It’s caused me to think that we mostly (we current non-believers) don’t … Read the rest

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More than one valence

Feb 14th, 2012 11:16 am | By

Something I’m ambivalent about:

On the one hand, there’s the value of being reasonable, and trying to see all sides of a question. There’s the value of not getting things wrong by being too one-sided; by confirmation bias; by seeing everything the way you see everything and so becoming blind to other ways of seeing everything. That’s different from the more political value of giving everybody a fair hearing, and letting people pursue the good in their own way as far as is compatible with the rights of others. The value I mean is epistemic and cognitive.

On the other hand there’s the value of countering a very loud, dominant, hegemonic, majoritarian, conformist brand of conventional wisdom.

Those two things … Read the rest

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Second-guessing subjective experiences

Jan 29th, 2012 12:12 pm | By

Mark Vernon wrote a response to Julian’s Heathen’s Progress series. It’s got to do with the fact that cognition is embodied, which Vernon somehow takes to mean that subjective convictions are trustworthy, or something along those lines.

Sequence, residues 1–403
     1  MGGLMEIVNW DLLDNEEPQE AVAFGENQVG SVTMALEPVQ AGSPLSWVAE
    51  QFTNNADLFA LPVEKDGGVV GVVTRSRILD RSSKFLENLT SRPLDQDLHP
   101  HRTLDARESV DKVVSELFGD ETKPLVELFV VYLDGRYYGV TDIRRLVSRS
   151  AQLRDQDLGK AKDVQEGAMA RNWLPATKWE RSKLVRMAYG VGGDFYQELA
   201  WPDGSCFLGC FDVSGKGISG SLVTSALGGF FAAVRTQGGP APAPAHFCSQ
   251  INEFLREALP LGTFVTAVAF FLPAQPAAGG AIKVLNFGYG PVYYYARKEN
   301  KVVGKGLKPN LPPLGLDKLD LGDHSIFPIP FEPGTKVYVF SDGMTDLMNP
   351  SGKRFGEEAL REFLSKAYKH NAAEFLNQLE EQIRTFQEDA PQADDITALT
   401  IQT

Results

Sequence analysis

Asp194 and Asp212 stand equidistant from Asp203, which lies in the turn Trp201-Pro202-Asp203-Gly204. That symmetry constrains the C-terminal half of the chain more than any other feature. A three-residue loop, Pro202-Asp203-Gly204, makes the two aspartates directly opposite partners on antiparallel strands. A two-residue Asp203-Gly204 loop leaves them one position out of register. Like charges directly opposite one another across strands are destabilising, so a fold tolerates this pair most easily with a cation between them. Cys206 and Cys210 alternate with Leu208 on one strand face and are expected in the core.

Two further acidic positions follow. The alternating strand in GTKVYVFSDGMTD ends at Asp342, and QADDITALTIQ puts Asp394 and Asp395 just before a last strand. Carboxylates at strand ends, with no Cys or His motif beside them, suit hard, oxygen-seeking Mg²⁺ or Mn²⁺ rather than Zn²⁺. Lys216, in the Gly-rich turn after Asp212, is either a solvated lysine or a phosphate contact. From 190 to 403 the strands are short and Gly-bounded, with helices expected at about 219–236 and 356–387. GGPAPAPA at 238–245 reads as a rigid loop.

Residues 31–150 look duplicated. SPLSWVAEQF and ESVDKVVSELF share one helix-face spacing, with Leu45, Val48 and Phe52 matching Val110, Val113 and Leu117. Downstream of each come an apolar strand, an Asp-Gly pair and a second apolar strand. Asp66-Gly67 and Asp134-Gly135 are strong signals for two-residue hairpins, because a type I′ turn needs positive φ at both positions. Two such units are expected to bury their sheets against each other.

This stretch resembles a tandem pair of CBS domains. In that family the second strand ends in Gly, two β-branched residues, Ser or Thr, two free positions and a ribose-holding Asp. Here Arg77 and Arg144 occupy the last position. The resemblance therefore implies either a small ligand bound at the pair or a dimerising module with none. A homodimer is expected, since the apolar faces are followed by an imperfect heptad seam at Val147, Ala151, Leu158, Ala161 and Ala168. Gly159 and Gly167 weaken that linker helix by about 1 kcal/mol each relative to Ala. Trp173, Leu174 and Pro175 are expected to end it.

…the modern sceptic is suspicious of subjective convictions. They fixate on the many ways in which individuals can be self-deluded, and forget that they can also be wonderfully discerning. They miss truths that can only be known by acquaintance, which is to say, by letting them in.

Alternatively, the modern atheist may admit that going to church can be tremendous and saying prayers valuable to cultivate thanks. But they will ensure that these activities remain contained – quarantined, you might say –

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The uses of commitment

Jan 8th, 2012 3:24 pm | By